Crohn’s disease and lactose intolerance are known to cause very similar types of digestive symptoms. These may include abdominal pain and diarrhea, amongst others. However, even though the symptoms may be similar, this does not mean that the causes of both these conditions and the treatment options are also the same. The causes and treatment of Crohn’s disease and lactose intolerance are very much different and doctors carry out a thorough comparison of the causes, risk factors, symptoms, diagnosis, and treatment options for both these conditions. Today we take a look at the similarities and differences between Crohn’s disease versus lactose intolerance and how to tell them apart.
Crohn’s Disease vs. Lactose Intolerance – Differences Based on Definition
Both of these conditions, Crohn’s disease and lactose intolerance, share many of the same symptoms and it is possible for a person to assume that they are suffering from one condition, while they might actually be suffering from the other. What complicates matters further is that people who have Crohn’s disease are likelier to suffer from lactose intolerance as well as compared to the general population.
So in order to understand both the conditions better, it is necessary to understand the similarities and differences between the two.
Crohn’s disease is a type of chronic inflammatory bowel disease (IBD) that is typically characterized by intestinal inflammation. If Crohn’s disease is not treated, then it can lead to serious disability or more illnesses. Crohn’s disease is a long-term condition and affects the digestive tract.
Lactose intolerance is a less serious condition than Crohn’s disease, but it is also a more common condition. Lactose intolerance occurs when a person is unable to digest a certain type of sugar known as lactose. Lactose is typically found in milk and a majority of dairy products. When individuals consume dairy products that contain lactose, they end up experiencing symptoms that are similar to Crohn’s disease.
Lactose intolerance is also known as lactase deficiency and it is known to cause severe digestive discomfort when people who are sensitive to the sugar lactose.
Crohn’s Disease vs. Lactose Intolerance – Differences Based on Causes
The exact cause of Crohn’s disease is not yet clear, but it is believed to be an autoimmune condition, meaning that the immune system starts attacking the healthy tissues in the body. Genetics and factors such as smoking or previous infection are also believed to be responsible for the development of Crohn’s disease.
Crohn’s disease can occur anywhere in the digestive tract, though it is known to most commonly impact the beginning of the colon or the small intestine. The inflammation that accompanies this condition is known to impact several parts of the digestive tract at the same time, and there are many types of varying symptoms.
Lactose intolerance is caused when a person’s body loses the ability to produce sufficient levels of the enzyme lactase. Lactase is found in the small intestine and is responsible for digesting the sugar lactose. As mentioned above, lactose is a sugar that is commonly found in dairy products such as milk.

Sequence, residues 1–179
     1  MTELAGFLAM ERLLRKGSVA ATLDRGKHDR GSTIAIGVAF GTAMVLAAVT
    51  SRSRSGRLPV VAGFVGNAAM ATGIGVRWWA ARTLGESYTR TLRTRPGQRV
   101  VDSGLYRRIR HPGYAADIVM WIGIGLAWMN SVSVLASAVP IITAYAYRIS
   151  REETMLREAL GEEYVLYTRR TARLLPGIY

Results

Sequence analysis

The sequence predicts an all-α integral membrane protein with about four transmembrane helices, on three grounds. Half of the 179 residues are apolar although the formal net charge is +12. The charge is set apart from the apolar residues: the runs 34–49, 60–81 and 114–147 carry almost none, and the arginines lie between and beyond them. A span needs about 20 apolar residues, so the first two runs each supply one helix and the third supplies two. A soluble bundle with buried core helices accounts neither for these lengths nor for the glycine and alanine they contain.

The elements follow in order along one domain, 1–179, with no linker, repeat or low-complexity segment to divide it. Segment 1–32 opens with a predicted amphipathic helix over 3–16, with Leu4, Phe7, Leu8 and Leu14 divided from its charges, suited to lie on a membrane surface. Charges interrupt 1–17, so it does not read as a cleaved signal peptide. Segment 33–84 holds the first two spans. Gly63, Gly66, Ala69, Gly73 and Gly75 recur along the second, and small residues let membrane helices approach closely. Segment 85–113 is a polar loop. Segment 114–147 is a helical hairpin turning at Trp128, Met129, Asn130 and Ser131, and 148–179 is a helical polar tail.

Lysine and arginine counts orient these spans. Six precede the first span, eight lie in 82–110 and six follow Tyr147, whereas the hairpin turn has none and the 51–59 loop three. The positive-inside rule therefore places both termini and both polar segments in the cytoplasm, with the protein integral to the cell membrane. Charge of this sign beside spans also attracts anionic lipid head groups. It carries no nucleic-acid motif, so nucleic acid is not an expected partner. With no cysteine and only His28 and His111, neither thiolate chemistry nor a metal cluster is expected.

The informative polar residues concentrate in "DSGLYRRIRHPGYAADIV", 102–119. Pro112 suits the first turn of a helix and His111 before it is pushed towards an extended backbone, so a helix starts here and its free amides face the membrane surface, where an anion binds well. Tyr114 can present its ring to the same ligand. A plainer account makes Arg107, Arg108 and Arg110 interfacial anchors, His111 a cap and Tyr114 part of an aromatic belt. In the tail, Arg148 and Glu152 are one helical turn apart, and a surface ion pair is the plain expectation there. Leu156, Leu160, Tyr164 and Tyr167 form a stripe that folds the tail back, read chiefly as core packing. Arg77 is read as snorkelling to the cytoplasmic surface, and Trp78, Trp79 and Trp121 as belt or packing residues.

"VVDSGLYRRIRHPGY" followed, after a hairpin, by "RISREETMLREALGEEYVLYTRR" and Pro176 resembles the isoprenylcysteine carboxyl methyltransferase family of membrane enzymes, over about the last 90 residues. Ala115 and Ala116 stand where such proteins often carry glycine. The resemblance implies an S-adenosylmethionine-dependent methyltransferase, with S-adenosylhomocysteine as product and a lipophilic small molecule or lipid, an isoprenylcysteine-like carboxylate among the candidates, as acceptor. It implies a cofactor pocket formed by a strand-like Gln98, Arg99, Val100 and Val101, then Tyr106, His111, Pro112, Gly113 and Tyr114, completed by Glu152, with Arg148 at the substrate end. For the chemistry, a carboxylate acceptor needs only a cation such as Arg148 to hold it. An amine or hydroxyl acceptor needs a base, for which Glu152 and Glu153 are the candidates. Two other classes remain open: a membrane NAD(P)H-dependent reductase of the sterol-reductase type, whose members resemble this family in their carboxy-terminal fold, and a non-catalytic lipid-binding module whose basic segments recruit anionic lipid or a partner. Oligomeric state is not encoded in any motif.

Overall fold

Crohn’s Disease vs. Lactose Intolerance – Differences Based on Symptoms
Both of these conditions are known to impact the digestive system and there is quite an overlap in their symptoms. Both Crohn’s disease and lactose intolerance cause the following similar symptoms:
- Abdominal cramping and pain
Now let’s look at the symptoms that are specific to each condition.
Symptoms that are specific o only Crohn’s disease are:
- Loss of appetite
- Diarrhea, usually quite severe
- Mouth sores
- Rectal pain or tenesmus
- Unintentional weight loss
- Skin and eye irritation
- Redness of the skin and eyes
- Soreness and pain in the joints
- Bloody stool in some rare cases
If you do not receive proper and timely treatment for Crohn’s disease, then some additional symptoms may also occur. These include:
- Delayed puberty or stunted growth in children
- Inflammation around the eyes and skin
- Inflammation of the joints
- Inflammation in the bile ducts and the liver
Symptoms that are specific to lactose intolerance are:
- Growling sound from the stomach
- Excessive gas or flatulence
These symptoms of lactose intolerance occur due to the fermentation process, which happens due to the bacteria present in the colon that works to break down the lactose. When the bacteria starts acting on the lactose sugar, it changes into an acid, which is what produces excessive gas.
Apart from the above-mentioned symptoms, the acid that is created in the colon can also cause a symptom of anal burning.
The symptoms of Crohn’s disease are likely to go into a period of remission, sometimes for a couple of weeks to even months, during which a person will experience very few or almost no symptoms of the disease.
On the other hand, a person suffering from lactose intolerance are likely to experience the symptoms of the condition each and every time they consume dairy products.
Crohn’s Disease vs. Lactose Intolerance – Differences Based on Risk Factors
There are several risk factors associated with Crohn’s disease. These include:
- Having a family history of Crohn’s disease
- Smoking cigarettes
- Age – Crohn’s disease is likely to affect people under 30 years old, though it can happen at any age
- Ethnicity – This condition is more likely to occur in Jewish people of Eastern European descent. Caucasians are more likely to have Crohn’s than black people.
- Consuming a high-fat diet or a diet high in processed foods.
- Excessive use of antibiotics
- Infections of the digestive tract
- Taking oral contraceptives
- Appendix removal
The risk factors of lactose intolerance include:
A family history of lactose intolerance
Infections or conditions that are likely to cause injury to the small intestine, such as celiac disease and inflammatory bowel disease
Studies have observed that lactose intolerance occurs in nearly all people of Native American and Asian descent. It is also commonly occurring in people who have African, Ashkenazi Jewish, and South Indian ancestry.
Age is also a risk factor for lactose intolerance as with age, some people start to lose some parts of the lactase enzymes, making them less capable of easily digesting foods that contain lactose.